What New Mothers Should Know About Insurance America's Top Insurance Lawyer, Frank N. Darras Suggests Parents Review and Update Insurance Policies

Considering disability insurance and updating existing policies and wills should be done before the baby is even born.

July 31, 2012

Becoming a mother for the first time is both an exciting and scary experience. From countless doctor appointments, trips for baby essentials, to the never-ending sleepless nights, new mothers have a lot going on. With all of the changes occurring in a new or soon-to-be mother's life, insurance is probably the last thing on her mind. While the ins and outs of a health insurance plan may have been a priority, new mothers often overlook getting or updating other forms of insurance. However, considering disability insurance and updating existing policies and wills should be done before the baby is even born.

"Becoming a parent is one of the greatest experiences in life. It is a time filled with so much joy. It is also important to talk about protecting yourself and your new family. What if, the unthinkable happened and one parent becomes unable to work or take care of things at home," asks Frank Darras, America's top insurance lawyer.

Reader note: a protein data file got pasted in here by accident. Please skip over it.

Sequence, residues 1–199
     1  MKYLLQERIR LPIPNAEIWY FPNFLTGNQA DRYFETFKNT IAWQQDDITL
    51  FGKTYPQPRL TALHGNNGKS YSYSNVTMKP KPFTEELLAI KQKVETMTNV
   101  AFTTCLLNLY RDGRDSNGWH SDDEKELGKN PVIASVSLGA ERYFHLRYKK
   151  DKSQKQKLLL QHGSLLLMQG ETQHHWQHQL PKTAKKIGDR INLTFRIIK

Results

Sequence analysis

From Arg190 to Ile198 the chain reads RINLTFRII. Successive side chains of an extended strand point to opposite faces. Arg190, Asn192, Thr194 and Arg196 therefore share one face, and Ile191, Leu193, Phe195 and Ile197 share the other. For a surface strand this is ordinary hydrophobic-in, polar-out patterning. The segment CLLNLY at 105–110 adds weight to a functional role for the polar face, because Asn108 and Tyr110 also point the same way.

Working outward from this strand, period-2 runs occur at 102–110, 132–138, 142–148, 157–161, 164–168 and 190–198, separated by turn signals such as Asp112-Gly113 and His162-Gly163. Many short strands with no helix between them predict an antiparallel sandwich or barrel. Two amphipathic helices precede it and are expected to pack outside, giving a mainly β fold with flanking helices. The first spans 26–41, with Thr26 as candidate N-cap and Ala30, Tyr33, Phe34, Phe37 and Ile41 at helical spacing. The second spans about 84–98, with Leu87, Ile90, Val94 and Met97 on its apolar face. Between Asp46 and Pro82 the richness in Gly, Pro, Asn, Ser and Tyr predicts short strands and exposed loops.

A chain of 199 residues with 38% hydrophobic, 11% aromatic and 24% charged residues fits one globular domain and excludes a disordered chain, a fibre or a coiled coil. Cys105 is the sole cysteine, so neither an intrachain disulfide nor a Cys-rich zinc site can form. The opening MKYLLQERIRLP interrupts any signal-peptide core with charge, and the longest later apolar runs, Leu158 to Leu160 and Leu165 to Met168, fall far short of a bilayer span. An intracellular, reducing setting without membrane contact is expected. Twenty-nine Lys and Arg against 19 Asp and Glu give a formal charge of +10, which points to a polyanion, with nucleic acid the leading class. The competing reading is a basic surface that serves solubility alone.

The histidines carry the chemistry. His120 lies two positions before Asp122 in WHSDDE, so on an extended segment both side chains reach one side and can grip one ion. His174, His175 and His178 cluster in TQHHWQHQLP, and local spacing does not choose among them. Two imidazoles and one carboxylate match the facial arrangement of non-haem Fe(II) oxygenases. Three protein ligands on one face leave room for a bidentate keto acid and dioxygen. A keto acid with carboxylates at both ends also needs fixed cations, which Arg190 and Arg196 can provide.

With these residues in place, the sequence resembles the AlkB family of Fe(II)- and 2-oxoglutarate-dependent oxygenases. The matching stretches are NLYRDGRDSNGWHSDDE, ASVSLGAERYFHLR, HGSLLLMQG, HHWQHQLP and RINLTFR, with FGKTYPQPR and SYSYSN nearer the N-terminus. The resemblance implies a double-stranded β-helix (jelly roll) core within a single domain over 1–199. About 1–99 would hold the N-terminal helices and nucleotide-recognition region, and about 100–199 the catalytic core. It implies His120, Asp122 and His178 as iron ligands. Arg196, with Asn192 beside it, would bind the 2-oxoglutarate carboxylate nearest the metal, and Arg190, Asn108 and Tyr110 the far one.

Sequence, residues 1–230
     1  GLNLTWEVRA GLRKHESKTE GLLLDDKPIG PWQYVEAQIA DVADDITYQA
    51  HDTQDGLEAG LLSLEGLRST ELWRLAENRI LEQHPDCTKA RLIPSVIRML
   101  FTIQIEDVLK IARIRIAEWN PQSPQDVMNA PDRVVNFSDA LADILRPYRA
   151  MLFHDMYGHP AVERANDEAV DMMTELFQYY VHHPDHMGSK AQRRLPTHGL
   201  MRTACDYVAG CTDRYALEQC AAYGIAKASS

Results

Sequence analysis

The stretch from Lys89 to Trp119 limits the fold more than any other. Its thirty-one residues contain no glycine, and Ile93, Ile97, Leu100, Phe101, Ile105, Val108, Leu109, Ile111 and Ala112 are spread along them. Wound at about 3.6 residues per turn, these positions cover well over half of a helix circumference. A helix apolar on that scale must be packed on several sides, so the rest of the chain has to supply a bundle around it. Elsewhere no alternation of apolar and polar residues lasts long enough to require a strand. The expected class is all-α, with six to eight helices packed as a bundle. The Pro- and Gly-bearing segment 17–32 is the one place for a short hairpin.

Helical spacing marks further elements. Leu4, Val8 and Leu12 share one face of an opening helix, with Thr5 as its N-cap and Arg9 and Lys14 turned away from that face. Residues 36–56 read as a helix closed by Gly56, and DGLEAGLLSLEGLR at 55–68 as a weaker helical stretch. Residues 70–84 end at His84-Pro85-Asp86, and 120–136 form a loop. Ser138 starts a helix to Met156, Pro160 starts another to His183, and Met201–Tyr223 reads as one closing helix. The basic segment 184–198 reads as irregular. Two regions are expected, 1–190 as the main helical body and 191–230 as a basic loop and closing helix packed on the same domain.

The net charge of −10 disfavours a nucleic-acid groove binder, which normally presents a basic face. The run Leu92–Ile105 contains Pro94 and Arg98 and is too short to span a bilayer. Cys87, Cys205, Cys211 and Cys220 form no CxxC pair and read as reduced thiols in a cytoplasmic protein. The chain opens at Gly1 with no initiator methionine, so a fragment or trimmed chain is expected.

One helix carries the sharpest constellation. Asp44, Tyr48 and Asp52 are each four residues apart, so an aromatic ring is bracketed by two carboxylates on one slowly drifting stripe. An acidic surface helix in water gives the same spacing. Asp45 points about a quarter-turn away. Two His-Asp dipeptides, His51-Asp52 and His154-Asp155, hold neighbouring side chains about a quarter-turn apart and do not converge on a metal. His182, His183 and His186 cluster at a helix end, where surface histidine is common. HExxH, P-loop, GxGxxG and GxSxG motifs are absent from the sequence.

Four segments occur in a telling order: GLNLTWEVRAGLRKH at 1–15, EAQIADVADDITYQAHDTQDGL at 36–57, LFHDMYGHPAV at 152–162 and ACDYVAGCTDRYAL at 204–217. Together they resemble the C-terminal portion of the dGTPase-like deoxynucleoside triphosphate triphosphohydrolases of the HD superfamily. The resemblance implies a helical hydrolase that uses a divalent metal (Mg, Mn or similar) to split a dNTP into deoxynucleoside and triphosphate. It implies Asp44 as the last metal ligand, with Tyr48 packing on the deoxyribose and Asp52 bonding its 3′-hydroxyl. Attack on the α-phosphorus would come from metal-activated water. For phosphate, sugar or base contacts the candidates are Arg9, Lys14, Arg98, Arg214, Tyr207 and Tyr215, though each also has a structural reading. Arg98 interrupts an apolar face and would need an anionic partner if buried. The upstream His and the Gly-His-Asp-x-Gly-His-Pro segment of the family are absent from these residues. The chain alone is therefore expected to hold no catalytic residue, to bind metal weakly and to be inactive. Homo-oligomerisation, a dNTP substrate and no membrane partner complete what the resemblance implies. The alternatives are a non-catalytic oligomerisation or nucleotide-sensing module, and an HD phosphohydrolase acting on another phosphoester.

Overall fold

The first step new parents should take is updating their current life insurance policies. While the face amount you previously held was sufficient for a surviving spouse, chances are it is not sufficient for spouse plus one. As all new parents know, babies are expensive and those costs are not going to go away if one parent is no longer there to contribute.

"Updating your life insurance plan should occur before the baby is born, not after. If one or both parents does not currently have a plan, one should be purchased immediately. This is true even if the parent plans on staying at home," says Darras.

One of the most common misperceptions in insurance is that a stay at home parent does not need life insurance. While it is difficult to determine how much a parent is saving the family by staying at home due to varying factors like location, some financial planners estimate a stay-at-home parent's "salary" at $75,000 a year.

"Looking at a stay-at-home parent's worth numerically makes it easy to see why a life insurance policy is still very much needed. Imagine the added financial burden to the surviving parent if the unthinkable should occur," says Darras.

With a newborn child at home, the last thing a parent should be focused on is insurance. However, adding your newborn to your health insurance policy promptly, making sure you were billed properly for the delivery stay and aftercare expenses should be on the agenda.

"Preparing for your new addition requires us to look and make the proper insurance decisions so those we love are protected," says Darras.